Sculpture to make a statement

Kate FieldingSouth Western Times
VideoWardandi Boodja at Koombana Bay

The new-look Koombana Bay will make an even bigger splash when artists finish installing the latest piece of public art at the foreshore.

Wardandi Boodja is a five-and-half-metre steel bust sculpture representing a Noongar face and South West families.

Commissioned by the City of Bunbury and funded by the State Government’s Royalty for Regions, the sculpture is the work of local artists Alex and Nicole Mickle of Safehaven Studios alongside design engineer Mike Kimble.

Koombana Bay’s Wardandi Boodja.
Camera IconKoombana Bay’s Wardandi Boodja. Credit: Kate Fielding / South Western Times

The structure has been 12 months in the making and the artwork started getting installed on Friday.

The artists consulted with various families in the region to ensure the image was accurate and the duo’s concept was to demonstrate that the face was “no one’s yet everyone’s at the same time”.

“The sculpture has been purposefully designed in such a way as to recognise all the families of this region,” Mrs Mickle said.

“A comprehensive study of historical photographs dating from the 1870s to the early 1900s, coupled with contemporary images and faces of Noongar people has enabled us to create an image of a generic Noongar man.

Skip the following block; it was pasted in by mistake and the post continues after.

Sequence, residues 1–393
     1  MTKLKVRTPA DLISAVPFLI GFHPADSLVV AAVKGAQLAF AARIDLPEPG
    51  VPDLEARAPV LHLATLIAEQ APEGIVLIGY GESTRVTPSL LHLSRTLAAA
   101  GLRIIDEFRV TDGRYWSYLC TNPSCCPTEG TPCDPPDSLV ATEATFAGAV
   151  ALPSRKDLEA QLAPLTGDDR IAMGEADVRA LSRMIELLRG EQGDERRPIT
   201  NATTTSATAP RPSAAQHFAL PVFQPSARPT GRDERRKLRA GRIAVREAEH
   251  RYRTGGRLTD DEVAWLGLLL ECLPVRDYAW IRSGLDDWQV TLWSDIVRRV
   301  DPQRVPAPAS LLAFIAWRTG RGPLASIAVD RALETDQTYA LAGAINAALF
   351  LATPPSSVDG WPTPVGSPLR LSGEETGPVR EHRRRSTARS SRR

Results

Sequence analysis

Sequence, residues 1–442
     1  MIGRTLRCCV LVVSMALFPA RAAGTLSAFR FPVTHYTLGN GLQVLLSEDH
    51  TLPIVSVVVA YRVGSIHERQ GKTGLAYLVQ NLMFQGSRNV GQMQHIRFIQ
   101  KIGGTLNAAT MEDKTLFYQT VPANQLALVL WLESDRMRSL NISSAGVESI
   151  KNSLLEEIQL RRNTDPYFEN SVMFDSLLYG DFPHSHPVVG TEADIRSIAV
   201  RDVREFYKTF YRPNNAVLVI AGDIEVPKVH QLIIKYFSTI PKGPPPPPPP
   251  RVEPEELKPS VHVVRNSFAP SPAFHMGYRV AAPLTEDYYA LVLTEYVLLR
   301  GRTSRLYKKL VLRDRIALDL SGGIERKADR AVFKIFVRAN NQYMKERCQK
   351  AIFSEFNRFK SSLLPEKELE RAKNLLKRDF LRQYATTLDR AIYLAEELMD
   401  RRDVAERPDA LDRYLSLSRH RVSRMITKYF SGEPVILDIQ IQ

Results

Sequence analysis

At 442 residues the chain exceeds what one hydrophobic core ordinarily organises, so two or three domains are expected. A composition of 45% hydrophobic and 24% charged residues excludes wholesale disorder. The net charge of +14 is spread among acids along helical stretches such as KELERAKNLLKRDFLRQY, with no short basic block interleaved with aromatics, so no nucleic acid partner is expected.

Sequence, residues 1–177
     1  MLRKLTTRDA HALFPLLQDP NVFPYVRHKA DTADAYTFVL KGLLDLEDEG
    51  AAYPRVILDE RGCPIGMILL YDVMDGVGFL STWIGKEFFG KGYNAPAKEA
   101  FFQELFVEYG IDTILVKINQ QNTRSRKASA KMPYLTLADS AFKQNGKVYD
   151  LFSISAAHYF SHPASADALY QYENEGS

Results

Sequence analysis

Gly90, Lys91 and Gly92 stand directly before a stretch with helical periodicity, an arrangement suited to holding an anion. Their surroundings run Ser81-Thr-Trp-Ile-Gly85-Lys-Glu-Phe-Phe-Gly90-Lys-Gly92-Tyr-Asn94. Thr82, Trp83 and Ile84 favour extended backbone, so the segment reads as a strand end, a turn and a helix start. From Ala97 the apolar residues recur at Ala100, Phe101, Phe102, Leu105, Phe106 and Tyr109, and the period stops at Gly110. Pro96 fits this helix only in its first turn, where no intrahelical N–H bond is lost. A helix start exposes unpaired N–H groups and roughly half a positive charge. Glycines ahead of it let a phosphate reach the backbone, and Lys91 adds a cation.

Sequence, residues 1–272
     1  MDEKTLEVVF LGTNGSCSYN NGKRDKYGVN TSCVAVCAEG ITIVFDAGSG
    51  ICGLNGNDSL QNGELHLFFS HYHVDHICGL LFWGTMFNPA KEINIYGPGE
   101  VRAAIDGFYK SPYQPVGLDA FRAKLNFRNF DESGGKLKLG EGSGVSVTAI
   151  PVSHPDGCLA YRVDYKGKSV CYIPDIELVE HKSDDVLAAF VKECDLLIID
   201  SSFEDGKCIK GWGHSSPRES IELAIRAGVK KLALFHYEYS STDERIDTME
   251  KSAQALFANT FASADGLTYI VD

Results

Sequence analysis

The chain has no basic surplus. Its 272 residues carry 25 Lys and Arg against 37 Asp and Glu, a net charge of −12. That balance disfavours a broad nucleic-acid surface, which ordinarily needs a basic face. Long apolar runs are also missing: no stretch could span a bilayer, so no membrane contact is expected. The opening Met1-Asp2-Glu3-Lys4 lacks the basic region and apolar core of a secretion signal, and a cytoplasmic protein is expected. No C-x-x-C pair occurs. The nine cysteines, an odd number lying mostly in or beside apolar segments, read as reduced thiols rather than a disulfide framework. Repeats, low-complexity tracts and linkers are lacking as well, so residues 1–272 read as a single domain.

“Not one person, but all people.”

Koombana Bay’s Wardandi Boodja.
Camera IconKoombana Bay’s Wardandi Boodja. Credit: Kate Fielding / South Western Times

The structure was made a using life-size maquette model and 3D scanner in a process Mrs Mickle said was fascinating and educational.

“There are statements to white settlement and history all over Bunbury,” she said.

“It is time to recognise one of the oldest cultures on the planet.

“This is our shared history and to put it lightly, not all of it is pretty.

“The sculpture reflects the resilience and spirit of a proud Noongar man and stands as a reminder to visitors and locals alike that Noongar culture is vibrant and strong.

“We all live here together on Wardandi saltwater country and we celebrate this.”

Mayor Gary Brennan said the artwork would become an iconic piece for the whole community to enjoy.

“We are excited for the installation of what is sure to become a talking point and tourist attraction for locals as well as visitors to Bunbury,” Mr Brennan said.

“It’s location along the main entry point to the CBD further activates what is already a popular area and provides a culturally appropriate and significant entry statement to the city.”

The lighting and interpretive signage component – written in collaboration with the Noongar community of Bunbury and local writer Donna Mazza – will be installed in early January.

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